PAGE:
Thank you Duncan,
If Chicken is completely unable to eat and possibly unable to drink due to inflammation and irritation based within her throat, then we have quite a dilemma that requires us to be proactive. The reason is because cats were not well designed for the anorexic lifestyle. When cats are off their food (even if they would eat for us if they could) even for a few days, their body will break their fat stores down to "feed" them. The problem is that when high levels of fat are released into the blood stream, the cat's liver will try to filter the fat, and ends up in distress (ie. hepatic lipidosis) which can make getting them better even more difficult for us. So, in this situation, we do need to move quickly if she cannot eat or drink anything at all.
Now in regards XXXXX XXXXX signs, when we see cats showing episodes of retching/gagging and throat discomfort associated with trying to eat, it can be a sign of a number of issues. Since she is an older lass, we’d hopefully be able to put issues like foreign bodies wedged in her nasopharynx lower down our list; but at her age we’d have keep issues like growths (ie polyps, tumors, etc) in the back of our minds. That said, with her current history of cat flu, this does make bacterial and viral tracheitis and potentially esophagitis more likely in her situation.
To touch on each briefly, esophagitis is an inflammatory condition of the esophagus that can arise if she had had a period of vomiting preceding this, if she has had any acid reflux, if she had been on any medication, secondary to severe coughing, or if she has perhaps ingested something that caused a slight trauma to the tissue (ie hard kibble) and allowed bacteria to cause an infection. In these cases, the only way to 'see' if this is present would be to pass a scope with a camera into the esophagus. Since this is not practical for every case, we will often treat these kitties symptomatically to allay their signs (using scoping only in the treatment resistant cases). In regards XXXXX XXXXX mild cases can be settled with soft foods (ie wet diet or soaking her kibble a bit) alone. For more severe cases like Chicken's, we often do try these cats on a course of antibiotics and feline friendly anti-inflammatories (ie metacam) to settle the irritation. Typically we'd want to start them on treatment via injection (to get them settled) before trying to wrestle with any oral treatment.
The other tissue who's inflammation/irritation can manifest as retching is that of the trachea. Tracheitis is quite common in cats and has been linked to an upper respiratory virus called the feline herpes virus. They are often infected as kittens and this life long can cause intermittent signs of this nature without warning (often linked to physiological or immune stress --which can be a part of older age or if there is something underlying starting to affect here) As well, bacterial infection of this tissue can cause similar inflammation and irritation to cats and lead to the same signs. For the tracheitis from feline herpes virus infection, they do tend to settle as the immune system gets the flare up under control (typically the signs pass within a week or two). But we can aid the kitties with supplementation of with L-lysine (a nutritional supplement) can help them recover quicker. This is available over the counter at health food. They tend to come as huge tablets, so they need to be crushed and mixed into food (since they are way too big to ask a cat to swallow). An average cat dose is 500mg a day. Again in severe cases like Chicken's, we will again need to use our feline friendly anti-inflammatories to soothe the inflammation within the trachea. And if a bacterial tracheitis is suspected, then antibiotics would also be indicated.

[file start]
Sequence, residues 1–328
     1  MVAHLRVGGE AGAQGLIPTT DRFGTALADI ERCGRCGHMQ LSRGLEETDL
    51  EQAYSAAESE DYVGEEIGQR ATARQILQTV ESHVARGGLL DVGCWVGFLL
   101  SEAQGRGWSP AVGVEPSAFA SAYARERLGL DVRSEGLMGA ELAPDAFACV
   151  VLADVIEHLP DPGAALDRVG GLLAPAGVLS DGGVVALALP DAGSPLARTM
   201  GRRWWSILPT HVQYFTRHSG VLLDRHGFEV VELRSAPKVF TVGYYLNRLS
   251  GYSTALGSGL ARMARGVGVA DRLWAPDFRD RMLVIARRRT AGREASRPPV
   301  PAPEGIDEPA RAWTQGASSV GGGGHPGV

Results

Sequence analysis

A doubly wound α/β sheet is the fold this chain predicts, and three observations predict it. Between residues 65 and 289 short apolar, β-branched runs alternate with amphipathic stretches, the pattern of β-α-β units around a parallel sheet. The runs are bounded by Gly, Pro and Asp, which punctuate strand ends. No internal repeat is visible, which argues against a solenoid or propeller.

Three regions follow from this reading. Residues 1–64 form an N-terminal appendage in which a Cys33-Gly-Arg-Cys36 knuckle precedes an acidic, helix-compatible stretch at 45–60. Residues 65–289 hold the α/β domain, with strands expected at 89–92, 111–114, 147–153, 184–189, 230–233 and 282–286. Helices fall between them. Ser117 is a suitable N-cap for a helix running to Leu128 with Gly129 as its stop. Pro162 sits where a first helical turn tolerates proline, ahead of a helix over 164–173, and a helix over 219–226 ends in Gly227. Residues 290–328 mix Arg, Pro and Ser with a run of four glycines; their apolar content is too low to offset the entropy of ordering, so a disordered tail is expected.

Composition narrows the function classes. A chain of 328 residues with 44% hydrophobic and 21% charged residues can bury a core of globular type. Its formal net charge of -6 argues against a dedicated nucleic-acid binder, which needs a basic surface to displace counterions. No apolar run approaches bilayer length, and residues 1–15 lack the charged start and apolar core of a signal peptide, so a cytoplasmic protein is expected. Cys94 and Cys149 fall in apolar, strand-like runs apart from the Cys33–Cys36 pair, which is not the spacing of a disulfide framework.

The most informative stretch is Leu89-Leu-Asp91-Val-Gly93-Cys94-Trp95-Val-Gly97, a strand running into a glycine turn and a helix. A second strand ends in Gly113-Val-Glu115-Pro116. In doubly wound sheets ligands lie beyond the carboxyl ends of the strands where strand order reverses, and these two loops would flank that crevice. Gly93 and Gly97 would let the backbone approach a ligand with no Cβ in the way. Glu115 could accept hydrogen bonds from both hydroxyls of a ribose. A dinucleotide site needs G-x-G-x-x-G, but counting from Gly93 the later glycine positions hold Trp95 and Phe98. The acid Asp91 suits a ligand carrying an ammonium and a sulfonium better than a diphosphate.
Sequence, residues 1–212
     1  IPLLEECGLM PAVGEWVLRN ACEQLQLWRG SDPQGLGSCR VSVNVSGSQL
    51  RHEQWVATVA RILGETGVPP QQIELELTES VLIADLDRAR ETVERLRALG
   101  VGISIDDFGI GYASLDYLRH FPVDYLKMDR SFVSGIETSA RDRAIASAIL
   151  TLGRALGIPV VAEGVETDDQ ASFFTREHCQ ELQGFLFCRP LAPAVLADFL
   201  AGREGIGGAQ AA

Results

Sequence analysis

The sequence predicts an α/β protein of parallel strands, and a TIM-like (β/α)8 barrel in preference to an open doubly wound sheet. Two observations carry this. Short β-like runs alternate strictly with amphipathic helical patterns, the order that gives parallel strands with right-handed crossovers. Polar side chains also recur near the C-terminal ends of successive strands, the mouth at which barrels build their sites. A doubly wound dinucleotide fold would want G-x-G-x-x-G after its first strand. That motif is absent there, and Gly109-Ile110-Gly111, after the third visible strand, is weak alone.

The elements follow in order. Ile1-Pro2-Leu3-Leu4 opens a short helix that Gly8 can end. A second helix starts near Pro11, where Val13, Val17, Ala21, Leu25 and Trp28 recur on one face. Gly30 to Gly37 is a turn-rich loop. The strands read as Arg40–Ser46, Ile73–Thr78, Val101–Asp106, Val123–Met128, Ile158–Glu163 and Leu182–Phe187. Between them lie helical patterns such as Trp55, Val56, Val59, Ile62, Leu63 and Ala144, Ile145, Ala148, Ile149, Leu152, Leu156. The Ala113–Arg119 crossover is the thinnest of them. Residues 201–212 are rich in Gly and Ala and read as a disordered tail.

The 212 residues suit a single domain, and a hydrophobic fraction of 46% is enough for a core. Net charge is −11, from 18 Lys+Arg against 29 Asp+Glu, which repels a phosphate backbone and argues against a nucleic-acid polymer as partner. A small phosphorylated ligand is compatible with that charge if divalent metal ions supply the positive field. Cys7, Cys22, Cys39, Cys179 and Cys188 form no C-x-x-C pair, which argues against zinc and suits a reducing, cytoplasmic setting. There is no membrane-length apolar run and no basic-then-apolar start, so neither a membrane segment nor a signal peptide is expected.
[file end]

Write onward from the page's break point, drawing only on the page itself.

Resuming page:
Overall, Chicken sounds to have a severe inflammation (either an esophagitis or tracheitis) secondary to her coughing and flu signs. Since she cannot get any food down just now and we cannot be sure she is drinking, you will be limited with what you can do at home. Therefore, it would be ideal to have her seen by her vet at this stage. Her vet will be able to fully examine her,rule out our other concerns (masses, foreign bodies, etc) and at least get her onto some cat safe anti-inflammatories via injection to reduce the inflammation that is preventing her from eating. Once that is on board, she will likely be able to eat for you and oral medication and supportive nutrition (ie Hill's A/D (LINK), Royal Canin Recovery (LINK), or Clinicare Canine/Feline Liquid Diet (LINK)) would be indicated to get her over this, over her respiratory infection, and get her back on track for you.
I hope this information is helpful.
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All the best,
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